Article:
So the next time you find yourself admiring a luxury mechanical watch, take a moment to appreciate the blued steel hands. They are not just a stylistic choice, but a testament to the craftsmanship and attention to detail that goes into the creation of each timepiece. A symbol of the heritage and tradition of watchmaking, they are a reminder of the skill and dedication that goes into the creation of every luxury mechanical watch.

Explore related watches

Discover the RESERVOIR watch collections concerned

Previous
Next

STAY UP TO DATE WITH RESERVOIR.

Be the first to hear about RESERVOIR’s exclusive events and new product releases.

By signing up to the RESERVOIR newsletter you are agreeing to allow us to email you and process of your personal data as described in the privacy policy.

Watches

Accessories

Watch Finder

Services

The brand

Stores

news

Delivery / Currency

Search

Need help ?

Call us

Visit Us

FAQ

Email Us

Media Editorial RESERVOIR Watch - Luxury Timepiece in Jet Black, Light Grey & Steel Grey

Watches

Media editorial of luxury RESERVOIR watch in shades of dark charcoal, light grey and medium grey.

Car

Watch - RESERVOIR

Aeronautic

Media: Luxury RESERVOIR watch with light grey, very dark grey and dark brown colour scheme.

Marine

Media RESERVOIR watch editorial in luxury colours of dark olive green, light grey, and light mint green.

Music

Watch - RESERVOIR

Comics by Reservoir

Dark olive green, light beige, and light blue-grey luxury RESERVOIR watch editorial media.

Partnership

You may also like

Accessories

Longbridge Vintage Car Watch with Jet Black, Light Grey, and Teal Blue Leather Strap

Straps

Media editorial of a luxurious RESERVOIR watch with a jet black and light greyish beige with light grey accents.

Watch winder

Car

Media of RESERVOIR watch in luxury editorial featuring dark olive green, light beige, and light grey shades.

GT Tour

Vintage luxury car with rpm counter and watch in light grey, dark black, and dark red.

Supercharged

British Mini Car in Contrasting Light Beige, Dark black and Dark Grey-Blue at Longbridge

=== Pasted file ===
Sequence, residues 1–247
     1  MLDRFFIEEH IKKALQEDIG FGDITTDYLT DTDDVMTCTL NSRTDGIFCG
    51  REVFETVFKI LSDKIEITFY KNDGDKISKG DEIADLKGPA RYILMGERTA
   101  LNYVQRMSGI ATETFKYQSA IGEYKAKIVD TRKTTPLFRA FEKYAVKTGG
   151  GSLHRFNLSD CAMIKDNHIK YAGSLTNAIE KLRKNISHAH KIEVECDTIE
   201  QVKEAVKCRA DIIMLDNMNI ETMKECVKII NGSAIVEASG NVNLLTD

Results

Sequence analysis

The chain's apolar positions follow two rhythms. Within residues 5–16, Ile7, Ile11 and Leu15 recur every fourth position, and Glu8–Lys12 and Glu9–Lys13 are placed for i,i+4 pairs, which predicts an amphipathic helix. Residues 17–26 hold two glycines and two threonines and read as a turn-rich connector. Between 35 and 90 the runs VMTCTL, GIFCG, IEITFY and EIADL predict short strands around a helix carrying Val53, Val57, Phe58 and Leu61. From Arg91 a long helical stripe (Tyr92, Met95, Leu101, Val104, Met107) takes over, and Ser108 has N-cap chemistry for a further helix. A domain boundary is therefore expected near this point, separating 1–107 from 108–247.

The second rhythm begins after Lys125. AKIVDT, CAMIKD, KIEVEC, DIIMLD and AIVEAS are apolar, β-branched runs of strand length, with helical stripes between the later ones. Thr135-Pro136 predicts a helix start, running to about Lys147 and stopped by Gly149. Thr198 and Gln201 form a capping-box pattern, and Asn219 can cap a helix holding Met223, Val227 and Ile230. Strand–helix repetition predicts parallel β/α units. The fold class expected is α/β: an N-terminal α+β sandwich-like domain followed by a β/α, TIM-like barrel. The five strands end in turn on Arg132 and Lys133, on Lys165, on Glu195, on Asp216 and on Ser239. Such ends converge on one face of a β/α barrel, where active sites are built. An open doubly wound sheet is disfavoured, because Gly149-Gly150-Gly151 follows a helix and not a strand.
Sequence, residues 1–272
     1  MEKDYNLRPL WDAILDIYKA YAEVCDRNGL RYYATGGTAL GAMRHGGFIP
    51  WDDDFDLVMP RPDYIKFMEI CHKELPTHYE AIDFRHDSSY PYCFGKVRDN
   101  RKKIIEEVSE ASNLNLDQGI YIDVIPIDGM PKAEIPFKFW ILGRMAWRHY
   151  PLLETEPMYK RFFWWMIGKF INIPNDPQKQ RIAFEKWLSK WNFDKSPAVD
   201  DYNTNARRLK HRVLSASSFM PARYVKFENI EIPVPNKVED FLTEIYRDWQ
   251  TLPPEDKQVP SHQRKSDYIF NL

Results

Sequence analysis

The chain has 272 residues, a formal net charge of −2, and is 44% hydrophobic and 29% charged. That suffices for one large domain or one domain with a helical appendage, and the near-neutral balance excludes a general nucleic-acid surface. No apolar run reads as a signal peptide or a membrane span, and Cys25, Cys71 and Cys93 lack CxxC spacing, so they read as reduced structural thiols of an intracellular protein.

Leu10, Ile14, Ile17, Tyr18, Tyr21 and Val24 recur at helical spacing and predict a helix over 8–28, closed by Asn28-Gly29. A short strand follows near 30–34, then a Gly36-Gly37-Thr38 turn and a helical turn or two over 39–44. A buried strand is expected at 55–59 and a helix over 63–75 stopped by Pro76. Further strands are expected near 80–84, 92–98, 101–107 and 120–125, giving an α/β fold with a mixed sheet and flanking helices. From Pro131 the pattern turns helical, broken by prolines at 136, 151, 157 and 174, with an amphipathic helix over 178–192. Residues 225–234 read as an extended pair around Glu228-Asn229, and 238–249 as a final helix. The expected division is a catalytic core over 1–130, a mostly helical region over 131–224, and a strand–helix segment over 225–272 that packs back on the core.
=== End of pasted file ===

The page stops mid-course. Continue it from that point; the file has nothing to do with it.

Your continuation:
Longbridge

356 Porsche Car with Light Grey, Dark black, and Medium black Watch

Kanister

Armani - Watch

390 FASTBACK

Analog watch - Watch

MONZA DESIGN

WW2 Battlefield Scene with GI in Car, Watch in Dark Olive Green and Light Grey-Brown.

Battlefield

Explore

You may also like

Aeronautic

Airfight Watch with Jet in Dark black, Light Grey, and Medium Grey

Airfight

Leather-clad WW1 Pilot wearing a black, light beige, and light grey watch in a biplane.

Black Sparrow

Explore

You may also like

Marine

Luxury Diver's Watch with Dark Navy and Light Grey-Blue Manometer.

Hydrosphere

RESERVOIR - Watch

Tiefenmesser

Explore

You may also like

Music

Luxury RESERVOIR watch media editorial with jet black, light grey, and dark greyish blue colors.

Sonomaster

Explore

You may also like

Comics by Reservoir

Comics featuring Blake and Mortimer in black, light grey and light blue-grey.

Blake et Mortimer

RESERVOIR - RESERVOIR watch RESERVOIR x POPEYE CRICKET

Popeye

Explore

You may also like

Partnership

Explore

You may also like

GT Tour

You may also like

Supercharged

You may also like

Longbridge

You may also like

kanister

You may also like

390 Fastback

You may also like

MONZA DESIGN

You may also like

Airfight

You may also like

Black Sparrow

You may also like

Hydrosphere

You may also like

Tiefenmesser

You may also like

Sonomaster

You may also like

Blake et Mortimer

You may also like

Popeye

You may also like

ABDULLA lUTFI

You may also like

Language
Delivery country & currency
  • Mauritius / USD ($)
  • Niger / USD ($)
  • Senegal / USD ($)
  • South Africa / USD ($)
  • Austria / EUR (€)
  • Belgium / EUR (€)
  • Bulgaria / EUR (€)
  • Switzerland / CHF (CHF)
  • Cyprus / EUR (€)
  • Czech Republic / EUR (€)
  • Germany / EUR (€)
  • Denmark / EUR (€)
  • Estonia / EUR (€)
  • Spain / EUR (€)
  • Finland / EUR (€)
  • France / EUR (€)
  • United Kingdom (UK) / GBP (£)
  • Greece / EUR (€)
  • Croatia / EUR (€)
  • Hungary / EUR (€)
  • Ireland / EUR (€)
  • Italy / EUR (€)
  • Lithuania / EUR (€)
  • Luxembourg / EUR (€)
  • Monaco / EUR (€)
  • Malta / EUR (€)
  • Netherlands / EUR (€)
  • Norway / EUR (€)
  • Poland / EUR (€)
  • Portugal / EUR (€)
  • Romania / EUR (€)
  • Sweden / EUR (€)
  • Slovenia / EUR (€)
  • Slovakia / EUR (€)
  • Turkey / USD ($)
  • Hong Kong / USD ($)
  • Indonesia / USD ($)
  • India / USD ($)
  • Japan / JPY (¥)
  • South Korea / USD ($)
  • Malaysia / USD ($)
  • Philippines / USD ($)
  • Singapore / USD ($)
  • Taiwan / USD ($)
  • Canada / USD ($)
  • Dominican Republic / USD ($)
  • Mexico / USD ($)
  • Panama / USD ($)
  • United States (US) / USD ($)
  • Australia / USD ($)
  • New Zealand / USD ($)
  • United Arab Emirates / USD ($)
  • Bahrain / USD ($)
  • Kuwait / USD ($)
  • Lebanon / USD ($)
  • Oman / USD ($)
  • Saudi Arabia / USD ($)